Reel hell of the Western Front

The director wanted to show things as they were – badly-led, no one wanting to fight or knowing what they were fighting for, says Christopher Silvester

On Cinema

While Sam Mendes’s 1917 won the top prizes at the Golden Globes and the Bafta awards, its suicide-mission storyline, albeit with nightmarish over-tones of Orpheus descending into the underworld, does not bear comparison with the greatest First World War movies.

The earliest of these is All Quiet on the Western Front (1930), based on Erich Maria Remarque’s novel, in which a group of teenage German classmates are inspired to enlist by their rabidly patriotic school-master. One of their number, Paul, played by Lew Ayres in a career-launching role, survives long enough to become disillusioned by what he sees on the battlefield. Its director Lewis Milestone, born Lev Millstein, was a Bessarabian Jew who had been educated in Odessa, Belgium, and Berlin before arriving in the US in 1914.

In the film’s main battle scene, the camera tracks along the German trenches from above as the company resists a French assault and as those eerily whining shells known as whizz-bangs rain down on them. Watch out for the French soldier whose arms are left hanging from the barbed wire after an explosion. The scene in the shell-hole when Paul kills a middle- aged French soldier and then begs the open-eyed, frozen-faced corpse for forgiveness is unforgettable.

The penultimate shot is rightly celebrated: a close-up of Paul’s hand reaching for a butterfly just before a sniper’s shot kills him

The penultimate shot is rightly celebrated: a close-up of Paul’s hand reaching for a butterfly just before a sniper’s shot kills him, resulting in the reflexive clenching and gradual unclenching of his fist. This is followed by a parade of men marching away from us towards a heavenly cemetery: each of the young men turns to look over his shoulder and address the camera before turning back. This shot has neither sound nor music.

Les Croix de Bois (1932) was from the novel of one veteran, Roland Dorgelès, and directed by another, Raymond Bernard. There is no shortage of grime in this depiction of a company of French poilus. We witness their camaraderie amidst the squalor of their billets, fortified by their daily ration of wine, only falling silent respectfully when they glimpse a soldier’s funeral procession with its wooden cross. Their headwear changes from soft calot cap to Adrian combat helmet as the conflict deepens.

Like 1917, the film is essentially a series of incidents: in one tense sequence the poilus hear German sappers burrowing beneath their dugout and are relieved by another company only minutes before the dugout is mined; they capture a village only to suffer a furious counter-attack; their dying sergeant curses his faithless wife back home but then revokes his curse for the sake of his small daughter; and the adjutant dies in no man’s land, with his guts ripped out and listening to the moans of his fellow wounded as they hope to attract the attention of the stretcher-bearers who come out after darkness falls.

The battle scenes give a far more realistic picture of the chaos of heavy bombardment than the choreographed shelling which accompanies the men going over the top towards the end of 1917. There is little politics here, only the behaviour of men living and dying together. (A restored version is available in a dual-format DVD and Blu-Ray edition from Eureka.)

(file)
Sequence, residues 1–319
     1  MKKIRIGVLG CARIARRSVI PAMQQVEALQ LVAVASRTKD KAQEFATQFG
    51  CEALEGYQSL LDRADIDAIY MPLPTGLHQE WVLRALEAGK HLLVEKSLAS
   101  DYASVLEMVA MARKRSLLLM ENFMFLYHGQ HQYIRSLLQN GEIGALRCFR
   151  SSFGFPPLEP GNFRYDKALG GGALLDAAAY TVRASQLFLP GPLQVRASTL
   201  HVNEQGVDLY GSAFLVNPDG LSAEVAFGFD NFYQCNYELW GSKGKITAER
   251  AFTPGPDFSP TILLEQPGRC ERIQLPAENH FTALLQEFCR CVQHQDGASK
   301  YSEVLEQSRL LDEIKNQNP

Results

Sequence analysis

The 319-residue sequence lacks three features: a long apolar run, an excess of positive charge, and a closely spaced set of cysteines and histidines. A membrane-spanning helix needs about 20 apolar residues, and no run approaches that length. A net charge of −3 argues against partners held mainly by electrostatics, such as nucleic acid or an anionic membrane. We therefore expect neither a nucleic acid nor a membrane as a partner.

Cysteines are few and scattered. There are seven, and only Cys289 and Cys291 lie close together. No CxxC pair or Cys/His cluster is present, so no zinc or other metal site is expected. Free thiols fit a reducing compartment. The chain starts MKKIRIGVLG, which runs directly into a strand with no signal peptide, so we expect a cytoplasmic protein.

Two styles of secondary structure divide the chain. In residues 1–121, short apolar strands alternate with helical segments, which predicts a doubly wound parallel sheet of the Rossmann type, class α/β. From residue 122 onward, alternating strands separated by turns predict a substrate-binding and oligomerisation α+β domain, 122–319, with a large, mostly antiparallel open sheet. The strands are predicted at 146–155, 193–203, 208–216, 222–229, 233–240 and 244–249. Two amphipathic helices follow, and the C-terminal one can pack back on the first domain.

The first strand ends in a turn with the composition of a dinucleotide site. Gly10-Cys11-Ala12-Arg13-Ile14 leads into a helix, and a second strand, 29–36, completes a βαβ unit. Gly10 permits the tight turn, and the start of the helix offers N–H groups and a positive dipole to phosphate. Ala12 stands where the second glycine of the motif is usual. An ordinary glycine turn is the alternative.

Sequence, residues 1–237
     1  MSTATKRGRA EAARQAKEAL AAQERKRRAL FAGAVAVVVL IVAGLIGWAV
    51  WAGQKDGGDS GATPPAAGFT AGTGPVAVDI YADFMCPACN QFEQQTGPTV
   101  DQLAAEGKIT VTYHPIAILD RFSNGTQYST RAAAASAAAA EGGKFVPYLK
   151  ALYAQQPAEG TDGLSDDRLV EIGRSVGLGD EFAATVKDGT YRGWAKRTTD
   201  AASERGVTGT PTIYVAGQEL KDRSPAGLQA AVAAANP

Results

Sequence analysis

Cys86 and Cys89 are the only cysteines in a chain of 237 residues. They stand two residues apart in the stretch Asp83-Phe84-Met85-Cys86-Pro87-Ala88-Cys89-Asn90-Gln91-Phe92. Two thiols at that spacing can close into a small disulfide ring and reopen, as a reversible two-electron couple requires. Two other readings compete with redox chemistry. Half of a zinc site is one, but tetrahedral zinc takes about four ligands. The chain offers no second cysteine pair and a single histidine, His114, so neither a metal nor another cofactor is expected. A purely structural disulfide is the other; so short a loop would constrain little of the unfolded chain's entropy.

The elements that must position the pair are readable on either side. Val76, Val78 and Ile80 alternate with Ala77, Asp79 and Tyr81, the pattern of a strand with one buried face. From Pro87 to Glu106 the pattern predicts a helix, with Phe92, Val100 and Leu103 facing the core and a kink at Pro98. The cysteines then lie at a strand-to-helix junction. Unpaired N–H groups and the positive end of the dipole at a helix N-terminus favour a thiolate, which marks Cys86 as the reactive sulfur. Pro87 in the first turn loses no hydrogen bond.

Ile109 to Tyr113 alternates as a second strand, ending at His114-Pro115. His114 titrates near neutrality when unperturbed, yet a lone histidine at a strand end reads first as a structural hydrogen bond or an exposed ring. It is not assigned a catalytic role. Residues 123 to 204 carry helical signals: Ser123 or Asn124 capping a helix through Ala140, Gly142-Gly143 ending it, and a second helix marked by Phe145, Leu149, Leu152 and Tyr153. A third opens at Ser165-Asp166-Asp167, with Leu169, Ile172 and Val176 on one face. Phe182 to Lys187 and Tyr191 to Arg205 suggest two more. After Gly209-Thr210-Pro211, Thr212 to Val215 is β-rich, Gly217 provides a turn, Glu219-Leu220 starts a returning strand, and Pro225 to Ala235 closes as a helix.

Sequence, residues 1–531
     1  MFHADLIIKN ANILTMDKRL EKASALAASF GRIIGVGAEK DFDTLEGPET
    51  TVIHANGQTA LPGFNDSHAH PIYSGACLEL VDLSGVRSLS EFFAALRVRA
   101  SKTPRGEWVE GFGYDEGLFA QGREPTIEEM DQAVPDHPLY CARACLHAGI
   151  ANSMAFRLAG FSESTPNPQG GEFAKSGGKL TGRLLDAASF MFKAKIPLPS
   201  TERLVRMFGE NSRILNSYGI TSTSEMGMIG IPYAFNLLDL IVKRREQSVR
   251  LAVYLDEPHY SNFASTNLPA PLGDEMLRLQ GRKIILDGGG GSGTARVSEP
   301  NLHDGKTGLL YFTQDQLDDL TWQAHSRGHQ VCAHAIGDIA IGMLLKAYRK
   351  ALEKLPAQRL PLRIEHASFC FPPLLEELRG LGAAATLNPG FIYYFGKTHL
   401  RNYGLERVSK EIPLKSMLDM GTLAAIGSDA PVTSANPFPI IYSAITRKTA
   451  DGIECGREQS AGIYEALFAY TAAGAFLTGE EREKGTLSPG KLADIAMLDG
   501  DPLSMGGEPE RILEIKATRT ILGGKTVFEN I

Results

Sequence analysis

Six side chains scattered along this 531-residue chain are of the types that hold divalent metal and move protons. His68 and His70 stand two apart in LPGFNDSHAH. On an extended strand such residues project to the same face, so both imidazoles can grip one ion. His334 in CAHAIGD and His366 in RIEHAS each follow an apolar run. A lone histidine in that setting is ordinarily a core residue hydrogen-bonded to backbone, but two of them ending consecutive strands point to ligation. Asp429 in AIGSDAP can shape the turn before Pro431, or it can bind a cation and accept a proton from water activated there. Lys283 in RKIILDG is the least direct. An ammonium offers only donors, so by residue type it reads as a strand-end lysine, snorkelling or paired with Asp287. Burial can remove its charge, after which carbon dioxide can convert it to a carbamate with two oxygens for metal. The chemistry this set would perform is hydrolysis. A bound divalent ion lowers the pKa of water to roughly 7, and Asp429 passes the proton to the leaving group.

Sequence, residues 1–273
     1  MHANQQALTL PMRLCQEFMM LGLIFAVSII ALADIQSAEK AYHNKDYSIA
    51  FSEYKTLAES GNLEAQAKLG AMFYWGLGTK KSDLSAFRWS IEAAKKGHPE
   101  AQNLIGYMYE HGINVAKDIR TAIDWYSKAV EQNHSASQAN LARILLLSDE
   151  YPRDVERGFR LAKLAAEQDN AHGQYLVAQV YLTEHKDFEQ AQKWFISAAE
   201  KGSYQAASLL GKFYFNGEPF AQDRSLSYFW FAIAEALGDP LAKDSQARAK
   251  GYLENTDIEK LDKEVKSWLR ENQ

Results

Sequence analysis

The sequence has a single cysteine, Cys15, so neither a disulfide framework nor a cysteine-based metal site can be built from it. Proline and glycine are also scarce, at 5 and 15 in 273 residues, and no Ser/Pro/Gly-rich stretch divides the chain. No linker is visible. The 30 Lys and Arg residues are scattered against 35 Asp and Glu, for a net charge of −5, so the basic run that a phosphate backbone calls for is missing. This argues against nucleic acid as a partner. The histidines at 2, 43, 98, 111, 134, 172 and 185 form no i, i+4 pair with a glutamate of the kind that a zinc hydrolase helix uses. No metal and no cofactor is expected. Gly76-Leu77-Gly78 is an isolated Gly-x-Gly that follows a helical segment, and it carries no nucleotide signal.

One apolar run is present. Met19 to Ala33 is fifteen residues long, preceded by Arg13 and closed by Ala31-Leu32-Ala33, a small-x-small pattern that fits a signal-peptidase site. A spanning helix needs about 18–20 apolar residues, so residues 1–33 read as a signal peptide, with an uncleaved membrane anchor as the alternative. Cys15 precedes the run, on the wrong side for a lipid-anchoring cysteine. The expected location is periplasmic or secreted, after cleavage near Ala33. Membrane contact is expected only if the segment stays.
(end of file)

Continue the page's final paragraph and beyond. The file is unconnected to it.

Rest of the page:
La Grande Guerra (1959) belongs to that extraordinary genre of social satires known as commedia all’Italiana that lasted from the late 1950s to the late ’70s. Director Mario Monicelli said of the lm: “I wanted to show things as they were — as usual, badly conducted and led, and no one wanting to fight, or knowing what they were fighting for.”

Two cowardly shirkers, one bombastic (from Lombardy) and the other sly (from Rome), played by Vittorio Gassman and Alberto Sordi, engage in banter as they seek to avoid exposure to danger. Sent on a mission to deliver a message to an outpost, they find themselves behind enemy lines and borrow Austrian uniforms in order to escape, but are captured and sentenced to death as spies. They are about to save their skins by divulging the location of an Italian pontoon bridge when an Austrian officer mocks them for their cowardice. Instead, Gassman’s character clams up and defiantly faces the ring squad, while Sordi’s character dies complaining, “If I knew it, I would tell! I’m a coward, everyone knows that!”

The cruel joke is that their fellow soldiers think they have somehow dodged the horrors of the battle field, whereas we see their blood-stained corpses on the ground as an entire Italian regiment charges past, oblivious to their fate. (La Grande Guerra is available on region-free DVD with English subtitles from

The epic scale of the battle scenes is remarkable and down to the support of then defence minister Giulio Andreotti. La Grande Guerra won the Golden Lion at Venice in 1960 and was nominated for an Oscar as Best Foreign Language Film. It was the first Italian film to challenge the fascist version of the country’s history in which the heroic sacrifice of WWI was writ large.

All three of these films end tragically. Universal’s production chief, the German Jewish mogul Carl Laemmle Jnr, didn’t like the sniper shot at the end of All Quiet on the Western Front. “You know, Lew, I think we should do something to this picture to make it better box office,” he told Milestone. “What it needs is some sort of happy ending.”

Milestone responded drily: “Well, we might have the Germans win the war.”

Enjoying The Critic online? It's even better in print

Try five issues of Britain’s newest magazine for £10

Critic magazine cover